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Appropriate Briefcase for College - Page 2

post #16 of 29
i went to columbia. you'll definitely stand out. most people are dorky asians... no offense. also most people don't carry bags. my first two years i just carried a tote bag. my second i carried a filson briefcase. are you doing GS? in any case, good luck, i hated Columbia.
post #17 of 29
Thread Starter 
Quote:
Originally Posted by cptjeff View Post

And yes, dressing formally will be incredibly excessive. The point of this site is to encourage dressing well- which includes dressing appropriately for your surroundings. Dressing formally is all well and good, but it's not appropriate for a modern campus, and you can dress well without dressing highly formally. Since you'll be a bit older than your classmates, you'll be able to get away with more, but most of your classmates will be dressed in hoodies and ratty jeans. Professors range widely, but I can't think of a single time I saw one in a suit and tie outside a special occasion. Sportcoats, yeah. One of my favorite professors wore a tweed jacket and tie every day, but he was the exception. And I would have been surprised to learn any member of the math or engineering faculties even owned a tailored jacket.
Wearing a tweed jacket and khakis with a collared shirt will make you much more formally dressed than most people, but you won't be as wildly removed from the rest of the student body stylistically. It'll just be a little more natural to the environment.

 

I'm going to have to disagree with you there on all fronts. It seems to me that you are making the unfortunate conclusion that a jacket and tie are are inherently "formal" in and of themselves. Obviously if I were walking around in a gray pinstriped business suit you'd have a bit more of an argument, but I never suggested that. If you ask me, walking around the fifth oldest campus in the United States in a hoodie and ratty jeans is not "dressing appropriately for your surroundings", but I understand that I will never win that argument in the wider sense, so I won't bother. What I will do, however, is continue to dress in a way that I feel conveys the respect I have for where I am and what I am doing.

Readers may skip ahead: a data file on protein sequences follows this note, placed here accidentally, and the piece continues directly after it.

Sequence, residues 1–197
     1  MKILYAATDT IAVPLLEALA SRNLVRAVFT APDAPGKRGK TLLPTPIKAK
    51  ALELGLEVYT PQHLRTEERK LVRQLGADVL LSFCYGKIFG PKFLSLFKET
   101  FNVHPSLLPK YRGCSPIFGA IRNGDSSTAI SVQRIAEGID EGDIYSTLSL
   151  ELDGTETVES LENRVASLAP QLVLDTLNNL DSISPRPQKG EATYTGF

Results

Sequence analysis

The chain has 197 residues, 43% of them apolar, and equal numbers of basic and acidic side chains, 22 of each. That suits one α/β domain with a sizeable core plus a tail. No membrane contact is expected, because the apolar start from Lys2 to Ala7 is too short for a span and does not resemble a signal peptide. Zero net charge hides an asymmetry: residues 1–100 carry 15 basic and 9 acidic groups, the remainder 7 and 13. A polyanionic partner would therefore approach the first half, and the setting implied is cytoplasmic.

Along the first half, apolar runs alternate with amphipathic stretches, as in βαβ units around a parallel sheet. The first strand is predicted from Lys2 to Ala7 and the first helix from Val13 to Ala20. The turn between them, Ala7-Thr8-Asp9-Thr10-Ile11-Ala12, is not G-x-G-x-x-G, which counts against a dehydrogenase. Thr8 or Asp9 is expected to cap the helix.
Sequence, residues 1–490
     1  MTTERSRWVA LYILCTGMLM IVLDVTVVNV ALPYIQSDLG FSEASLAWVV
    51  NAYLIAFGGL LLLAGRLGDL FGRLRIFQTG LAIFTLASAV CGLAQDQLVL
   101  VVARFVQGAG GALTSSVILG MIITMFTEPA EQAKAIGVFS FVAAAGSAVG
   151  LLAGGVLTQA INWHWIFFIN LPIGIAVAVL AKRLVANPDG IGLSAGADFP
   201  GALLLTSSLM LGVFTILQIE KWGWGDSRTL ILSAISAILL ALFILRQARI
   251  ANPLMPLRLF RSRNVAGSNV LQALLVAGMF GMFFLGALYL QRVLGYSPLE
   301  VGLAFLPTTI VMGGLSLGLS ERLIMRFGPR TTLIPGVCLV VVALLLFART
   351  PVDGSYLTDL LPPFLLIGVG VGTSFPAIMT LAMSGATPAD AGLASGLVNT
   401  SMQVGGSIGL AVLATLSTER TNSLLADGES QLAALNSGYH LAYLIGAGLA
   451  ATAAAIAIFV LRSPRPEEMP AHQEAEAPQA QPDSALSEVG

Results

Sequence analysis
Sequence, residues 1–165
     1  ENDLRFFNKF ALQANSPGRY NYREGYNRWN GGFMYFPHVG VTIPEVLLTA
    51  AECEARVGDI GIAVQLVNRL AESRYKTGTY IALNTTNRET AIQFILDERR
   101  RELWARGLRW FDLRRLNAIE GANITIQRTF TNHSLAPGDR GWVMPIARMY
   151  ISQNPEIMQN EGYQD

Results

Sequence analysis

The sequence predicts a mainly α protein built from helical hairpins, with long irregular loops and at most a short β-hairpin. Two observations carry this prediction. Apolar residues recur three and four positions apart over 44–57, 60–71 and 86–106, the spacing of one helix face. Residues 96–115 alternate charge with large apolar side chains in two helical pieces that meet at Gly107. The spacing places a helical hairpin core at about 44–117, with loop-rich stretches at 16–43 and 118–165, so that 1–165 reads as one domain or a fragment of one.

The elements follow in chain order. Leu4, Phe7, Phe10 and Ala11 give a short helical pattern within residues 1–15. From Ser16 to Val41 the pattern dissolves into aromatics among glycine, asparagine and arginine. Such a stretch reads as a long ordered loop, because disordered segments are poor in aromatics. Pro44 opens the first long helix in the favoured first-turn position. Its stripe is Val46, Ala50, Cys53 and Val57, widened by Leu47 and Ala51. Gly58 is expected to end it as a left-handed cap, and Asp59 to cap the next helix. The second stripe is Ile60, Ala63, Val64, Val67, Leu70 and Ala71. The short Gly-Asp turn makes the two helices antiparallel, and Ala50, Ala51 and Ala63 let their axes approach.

As for never seeing a professor in a suit and tie, I honestly find that a little ridiculous. I had a few teachers in high school who regularly wore suits and some who at least wore a jacket and/or tie... and I went to public school in California. In fact, I never once saw one of my favorite teachers in anything BUT a suit and tie, and his attitude towards how to dress influenced me in a major way (he actually gave a class on how to tie a tie when he found out that many of his students didn't know how to)   

post #18 of 29
Quote:
Originally Posted by codeman92190 View Post

I'm going to have to disagree with you there on all fronts. It seems to me that you are making the unfortunate conclusion that a jacket and tie are are inherently "formal" in and of themselves. Obviously if I were walking around in a gray pinstriped business suit you'd have a bit more of an argument, but I never suggested that. If you ask me, walking around the fifth oldest campus in the United States in a hoodie and ratty jeans is not "dressing appropriately for your surroundings", but I understand that I will never win that argument in the wider sense, so I won't bother. What I will do, however, is continue to dress in a way that I feel conveys the respect I have for where I am and what I am doing.

As for never seeing a professor in a suit and tie, I honestly find that a little ridiculous. I had a few teachers in high school who regularly wore suits and some who at least wore a jacket and/or tie... and I went to public school in California. In fact, I never once saw one of my favorite teachers in anything BUT a suit and tie, and his attitude towards how to dress influenced me in a major way (he actually gave a class on how to tie a tie when he found out that many of his students didn't know how to)   

nah, the other guy is right. you will never see a professor in a suit and tie. you'll see president bollinger in a suit and tie lookin' boss as shit with his driver in his Audi A8L parked on college walk... but it's unlikely you'll see professors dressed that way. for the first two years, all your professors will be PhD students anyways.
post #19 of 29
Thread Starter 
Quote:
Originally Posted by imolazhp_ci View Post

i went to columbia. you'll definitely stand out. most people are dorky asians... no offense. also most people don't carry bags. my first two years i just carried a tote bag. my second i carried a filson briefcase. are you doing GS? in any case, good luck, i hated Columbia.

 

I don't mean to derail this thread, but it's mine, so I'm not sure how much it matters.

 

What didn't you like about Columbia? Keeping in mind that if your answer includes "all the dorky asians", I don't really care to hear it. 

post #20 of 29
Quote:
Originally Posted by codeman92190 View Post

I'm going to have to disagree with you there on all fronts. It seems to me that you are making the unfortunate conclusion that a jacket and tie are are inherently "formal" in and of themselves. Obviously if I were walking around in a gray pinstriped business suit you'd have a bit more of an argument, but I never suggested that. If you ask me, walking around the fifth oldest campus in the United States in a hoodie and ratty jeans is not "dressing appropriately for your surroundings", but I understand that I will never win that argument in the wider sense, so I won't bother. What I will do, however, is continue to dress in a way that I feel conveys the respect I have for where I am and what I am doing.